Russian opposition politician Alexei Navalny wrote an autobiography before he died which will be published later this year, his widow Yulia Navalnaya said on Thursday, revealing the existence of a text his inner circle had kept secret for years.

Navalny, who died aged 47 in an Arctic prison in February, had wanted to become president of Russia and was Vladimir Putin’s fiercest domestic critic. His allies, branded extremists by the authorities, accused Putin of having him murdered and have said they will provide proof to back that allegation.

The Kremlin has denied any state involvement in his death and, when he was alive, dismissed Navalny, a former lawyer who oversaw corruption investigations into Russia’s political elite, as a marginal U.S.-backed troublemaker out to destabilise Russia.

Navalnaya, his widow, said in a post on X from outside Russia that her late husband had started to write the memoir – titled “Patriot” – in 2020 after he had been poisoned by what Western doctors said was a nerve agent and had been flown to Germany for medical treatment.

She said the book would be released simultaneously in at least 11 different languages on Oct. 22 and appear in Navalny’s native Russian.

“This is not at all how I imagined Alexei would write his biography. I thought that we would be in our 80s, and that he would be sitting at his computer by the open window and be typing away,” Navalnaya said.

“But things turned out the way they did. Horribly and very, very unfairly. Nevertheless, Alexei started writing a book at that time (in 2020) and was unexpectedly quickly drawn into the process.

He liked to recall the events of his life in connection with events in the country. For example, he enjoyed describing his childhood,” Navalnaya said.


Kira Yarmysh, Navalny’s spokesperson, described how Navalny had begun to dictate parts of the book to her while he was convalescing in Germany two months after his poisoning and that he had finished the book when in prison after returning to Russia in 2021.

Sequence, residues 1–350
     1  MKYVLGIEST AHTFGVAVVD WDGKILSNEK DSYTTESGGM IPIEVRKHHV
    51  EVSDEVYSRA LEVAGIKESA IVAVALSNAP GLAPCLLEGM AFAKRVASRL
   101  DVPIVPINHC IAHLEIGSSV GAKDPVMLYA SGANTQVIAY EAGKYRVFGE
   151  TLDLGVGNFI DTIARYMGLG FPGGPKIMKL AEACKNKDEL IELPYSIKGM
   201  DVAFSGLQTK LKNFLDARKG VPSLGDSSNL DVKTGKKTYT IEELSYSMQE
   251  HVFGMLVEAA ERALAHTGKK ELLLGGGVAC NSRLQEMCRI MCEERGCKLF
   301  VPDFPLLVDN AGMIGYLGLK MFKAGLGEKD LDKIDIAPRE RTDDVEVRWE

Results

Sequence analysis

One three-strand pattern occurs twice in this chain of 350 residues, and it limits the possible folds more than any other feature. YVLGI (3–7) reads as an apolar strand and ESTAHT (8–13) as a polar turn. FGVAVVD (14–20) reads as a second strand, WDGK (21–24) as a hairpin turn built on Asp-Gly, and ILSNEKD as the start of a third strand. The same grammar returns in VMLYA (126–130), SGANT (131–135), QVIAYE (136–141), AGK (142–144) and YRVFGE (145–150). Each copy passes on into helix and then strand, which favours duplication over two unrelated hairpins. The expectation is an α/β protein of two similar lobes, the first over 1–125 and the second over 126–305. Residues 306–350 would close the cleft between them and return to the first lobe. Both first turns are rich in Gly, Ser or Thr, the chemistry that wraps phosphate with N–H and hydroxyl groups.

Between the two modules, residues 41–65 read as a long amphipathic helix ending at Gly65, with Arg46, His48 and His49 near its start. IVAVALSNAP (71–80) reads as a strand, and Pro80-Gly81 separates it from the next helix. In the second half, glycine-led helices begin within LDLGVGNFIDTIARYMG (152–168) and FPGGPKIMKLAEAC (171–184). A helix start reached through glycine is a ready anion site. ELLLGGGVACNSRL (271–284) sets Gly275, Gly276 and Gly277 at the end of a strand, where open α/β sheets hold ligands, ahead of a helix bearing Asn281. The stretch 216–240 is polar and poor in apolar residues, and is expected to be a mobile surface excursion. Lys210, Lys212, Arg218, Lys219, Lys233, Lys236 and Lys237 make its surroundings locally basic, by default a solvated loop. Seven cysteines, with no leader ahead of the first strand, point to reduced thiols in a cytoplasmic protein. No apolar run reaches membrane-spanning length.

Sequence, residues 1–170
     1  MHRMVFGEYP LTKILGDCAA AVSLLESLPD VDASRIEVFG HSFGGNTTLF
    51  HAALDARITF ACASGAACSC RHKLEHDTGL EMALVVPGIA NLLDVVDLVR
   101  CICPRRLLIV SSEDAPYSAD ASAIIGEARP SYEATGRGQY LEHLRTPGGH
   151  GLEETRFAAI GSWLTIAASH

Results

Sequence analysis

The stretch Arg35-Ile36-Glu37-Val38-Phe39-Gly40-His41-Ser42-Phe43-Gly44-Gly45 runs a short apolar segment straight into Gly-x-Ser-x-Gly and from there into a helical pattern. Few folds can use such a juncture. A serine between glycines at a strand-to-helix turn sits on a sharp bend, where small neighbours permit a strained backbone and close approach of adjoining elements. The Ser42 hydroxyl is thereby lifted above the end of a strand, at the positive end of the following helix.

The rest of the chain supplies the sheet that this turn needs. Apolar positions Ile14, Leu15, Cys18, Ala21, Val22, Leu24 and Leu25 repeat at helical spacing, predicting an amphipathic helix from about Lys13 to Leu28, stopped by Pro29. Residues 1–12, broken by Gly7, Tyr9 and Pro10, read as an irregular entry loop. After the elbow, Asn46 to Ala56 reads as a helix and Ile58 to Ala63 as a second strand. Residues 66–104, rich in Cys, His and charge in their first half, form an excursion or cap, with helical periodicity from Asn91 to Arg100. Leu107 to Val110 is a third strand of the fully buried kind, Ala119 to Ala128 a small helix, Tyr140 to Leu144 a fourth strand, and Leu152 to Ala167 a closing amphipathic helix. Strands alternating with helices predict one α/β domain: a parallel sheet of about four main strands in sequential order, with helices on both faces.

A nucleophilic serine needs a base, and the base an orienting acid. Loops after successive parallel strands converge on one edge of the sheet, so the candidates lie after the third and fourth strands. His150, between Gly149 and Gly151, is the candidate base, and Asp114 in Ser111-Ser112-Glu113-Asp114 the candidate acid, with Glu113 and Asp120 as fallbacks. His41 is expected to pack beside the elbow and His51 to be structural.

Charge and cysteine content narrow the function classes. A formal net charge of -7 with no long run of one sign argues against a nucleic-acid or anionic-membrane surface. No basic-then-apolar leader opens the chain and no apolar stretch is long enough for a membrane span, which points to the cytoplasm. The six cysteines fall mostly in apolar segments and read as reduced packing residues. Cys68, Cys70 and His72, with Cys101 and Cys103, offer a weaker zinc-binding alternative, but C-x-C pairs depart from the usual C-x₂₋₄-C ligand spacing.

“Alexei had a rare talent of being instantly able to pronounce written text. My job was to keep up with him and occasionally interject: “you just used that same word!” Yarmysh wrote on the Telegram messenger service.

“I heard people talking about his (social media) posts from prison: ‘Alexei writes so well, I wish he’d write a book!’ And I wanted to clap my hands and shout, ‘He is writing one! He is writing one!’ But we agreed to keep everything a secret. Now the secrets are over,” she said.

Penguin Books UK in a statement on X described the book as the “full story of Navalny’s life and a rousing call to continue the work for which he sacrificed his life”.

In the United States the autobiography is being published by Alfred A. Knopf, which published a separate statement from his widow.

“Sharing his story will not only honor his memory but also inspire other to stand up for what is right and to never lose sight of the values that truly matter,” Knopf cited Navalnaya as saying.

The book is unlikely to be readily available in Navalny’s native Russia, where the authorities outlawed his movement as extremist and cast his supporters as U.S.-backed troublemakers out to foment revolution.

Putin last month called Navalny’s death “sad” and said he had been ready to hand the jailed politician over to the West in a prisoner exchange provided he never return to Russia.